Summary

Advancing the state of aviation safety is a central mission of the National Aeronautics and Space Administration (NASA).1 In keeping with direction from the National Aeronautics Research and Development Policy,2 issued by the Office of Science and Technology Policy, the emphasis of NASA aeronautics research is on undertaking longer-term, “foundational research” aimed at developing a stronger aviation knowledge and technology base. NASA’s aeronautics research expertise and assets are also called upon to assist in finding solutions to more immediate and pressing needs of the aviation sector, particularly in the area of safety. Most responsibility for aeronautics research at NASA is housed in the Aeronautics Research Mission Directorate (ARMD). ARMD administers several major research programs, including the Aviation Safety Program, the Fundamental Aeronautics Program, and the Airspace Systems Program. While safety research is the primary domain of the Aviation Safety Program, safety-related research is undertaken in all of the ARMD programs.

Congress requested this review of NASA’s aviation safety-related research programs, seeking an assessment of whether the programs have well-defined, prioritized, and appropriate research objectives; whether resources have been allocated appropriately among these objectives; whether the programs are well coordinated with the safety research programs of the Federal Aviation Administration (FAA); and whether suitable mechanisms are in place for transitioning the research results into operational technologies and procedures and certification activities in a timely manner. To undertake such an assessment requires knowledge of why NASA elected to focus its safety research on specific objectives and on certain content to meet each objective. Accordingly, the Committee for the Review of NASA’s Aviation Safety-Related Programs sought from NASA an explanation of how it goes about identifying and prioritizing safety research needs. Not in a position to make its own thorough assessments of research needs and priorities, the committee refrained from providing advice to NASA on the specific research it should be doing.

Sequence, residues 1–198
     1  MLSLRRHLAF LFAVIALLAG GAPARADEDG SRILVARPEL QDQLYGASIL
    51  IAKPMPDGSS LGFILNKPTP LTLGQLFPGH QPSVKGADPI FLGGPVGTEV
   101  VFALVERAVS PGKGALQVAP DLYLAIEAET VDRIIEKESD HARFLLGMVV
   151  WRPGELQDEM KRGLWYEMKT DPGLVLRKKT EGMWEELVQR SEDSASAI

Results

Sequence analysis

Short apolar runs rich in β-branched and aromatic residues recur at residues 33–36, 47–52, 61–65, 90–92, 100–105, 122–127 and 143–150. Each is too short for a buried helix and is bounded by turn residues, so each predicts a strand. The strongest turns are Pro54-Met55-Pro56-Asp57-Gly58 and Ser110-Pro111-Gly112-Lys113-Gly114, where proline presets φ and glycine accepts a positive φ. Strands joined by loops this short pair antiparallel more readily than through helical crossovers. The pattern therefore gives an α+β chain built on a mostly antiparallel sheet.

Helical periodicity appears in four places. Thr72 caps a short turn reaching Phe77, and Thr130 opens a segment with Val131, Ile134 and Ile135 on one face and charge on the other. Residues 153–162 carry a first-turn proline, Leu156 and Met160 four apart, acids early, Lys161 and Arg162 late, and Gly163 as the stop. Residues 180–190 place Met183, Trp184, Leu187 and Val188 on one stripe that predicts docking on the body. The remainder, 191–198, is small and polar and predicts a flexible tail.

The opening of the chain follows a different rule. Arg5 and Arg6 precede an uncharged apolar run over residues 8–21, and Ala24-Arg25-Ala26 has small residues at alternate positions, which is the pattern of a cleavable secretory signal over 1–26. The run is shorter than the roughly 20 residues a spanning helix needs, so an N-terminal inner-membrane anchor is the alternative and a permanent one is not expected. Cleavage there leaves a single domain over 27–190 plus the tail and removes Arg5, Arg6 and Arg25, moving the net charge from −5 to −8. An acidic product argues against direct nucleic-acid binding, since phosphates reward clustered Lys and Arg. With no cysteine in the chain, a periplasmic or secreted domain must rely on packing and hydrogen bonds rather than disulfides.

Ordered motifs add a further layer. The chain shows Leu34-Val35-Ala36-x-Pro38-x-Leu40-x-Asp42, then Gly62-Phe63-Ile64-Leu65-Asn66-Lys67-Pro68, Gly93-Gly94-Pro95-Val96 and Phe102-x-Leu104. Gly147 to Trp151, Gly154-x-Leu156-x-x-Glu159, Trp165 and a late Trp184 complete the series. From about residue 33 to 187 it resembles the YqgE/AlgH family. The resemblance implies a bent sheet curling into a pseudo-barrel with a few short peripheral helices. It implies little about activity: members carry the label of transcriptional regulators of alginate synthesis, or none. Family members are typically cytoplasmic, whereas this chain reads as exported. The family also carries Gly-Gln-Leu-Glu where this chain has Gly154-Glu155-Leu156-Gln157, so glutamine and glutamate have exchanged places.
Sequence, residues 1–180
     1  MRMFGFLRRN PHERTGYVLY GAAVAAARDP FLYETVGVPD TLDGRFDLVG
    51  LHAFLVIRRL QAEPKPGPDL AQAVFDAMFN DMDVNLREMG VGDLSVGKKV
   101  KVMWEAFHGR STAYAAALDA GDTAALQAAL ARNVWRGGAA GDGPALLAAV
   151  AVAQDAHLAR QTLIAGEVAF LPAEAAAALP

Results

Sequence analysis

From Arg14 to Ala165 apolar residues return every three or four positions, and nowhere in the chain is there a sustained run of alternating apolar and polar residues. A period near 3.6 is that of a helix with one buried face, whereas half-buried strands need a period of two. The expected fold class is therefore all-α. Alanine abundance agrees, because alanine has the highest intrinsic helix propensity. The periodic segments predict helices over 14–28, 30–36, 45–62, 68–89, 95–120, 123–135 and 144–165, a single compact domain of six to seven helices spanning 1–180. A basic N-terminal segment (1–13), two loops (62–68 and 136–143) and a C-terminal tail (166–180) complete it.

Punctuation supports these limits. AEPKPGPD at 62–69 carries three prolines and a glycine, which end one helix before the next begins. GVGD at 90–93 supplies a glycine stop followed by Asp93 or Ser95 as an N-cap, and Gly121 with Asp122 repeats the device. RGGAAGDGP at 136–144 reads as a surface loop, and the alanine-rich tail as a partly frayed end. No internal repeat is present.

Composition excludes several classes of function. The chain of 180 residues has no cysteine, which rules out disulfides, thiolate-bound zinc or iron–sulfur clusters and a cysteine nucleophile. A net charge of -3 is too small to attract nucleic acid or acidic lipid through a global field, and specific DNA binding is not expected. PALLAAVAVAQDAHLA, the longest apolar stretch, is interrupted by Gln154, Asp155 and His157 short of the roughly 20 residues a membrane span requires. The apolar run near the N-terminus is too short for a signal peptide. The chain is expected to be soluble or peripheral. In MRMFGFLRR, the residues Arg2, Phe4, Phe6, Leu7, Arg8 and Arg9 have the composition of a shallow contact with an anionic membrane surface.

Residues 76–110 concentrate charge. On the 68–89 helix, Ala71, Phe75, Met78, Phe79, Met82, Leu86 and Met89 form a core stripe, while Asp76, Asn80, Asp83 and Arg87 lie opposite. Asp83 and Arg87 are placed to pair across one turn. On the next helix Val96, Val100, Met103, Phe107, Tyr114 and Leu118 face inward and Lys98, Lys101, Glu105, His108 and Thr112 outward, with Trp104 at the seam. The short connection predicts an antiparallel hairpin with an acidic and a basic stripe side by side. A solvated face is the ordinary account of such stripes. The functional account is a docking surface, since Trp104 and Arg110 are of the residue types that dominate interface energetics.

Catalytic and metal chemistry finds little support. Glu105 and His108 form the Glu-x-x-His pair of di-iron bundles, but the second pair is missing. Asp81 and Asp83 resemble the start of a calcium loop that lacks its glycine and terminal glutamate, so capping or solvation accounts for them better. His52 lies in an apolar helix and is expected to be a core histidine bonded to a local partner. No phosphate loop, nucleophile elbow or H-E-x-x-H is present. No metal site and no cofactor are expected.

The study findings with respect to each of the main aspects of the review sought by Congress are summarized next. These findings indicate that NASA’s aeronautics research enterprise has made, and continues to make, valuable contributions to aviation system safety but it is falling short and needs improvement in some key respects.

1

 NASA, 2006 NASA Strategic Plan, NP-2006-02-423-HQ, Washington, D.C., 2006, available at http://www.nasa.gov/pdf/142302main_2006_NASA_Strategic_Plan.pdf, p.13.

2

 National Science and Technology Council, National Aeronautics Research and Development Policy, Office of Science and Technology Policy, Executive Office of the President, Washington, D.C., December 2006, available at http://www.aeronautics.nasa.gov/releases/national_aeronautics_rd_policy_dec_2006.pdf.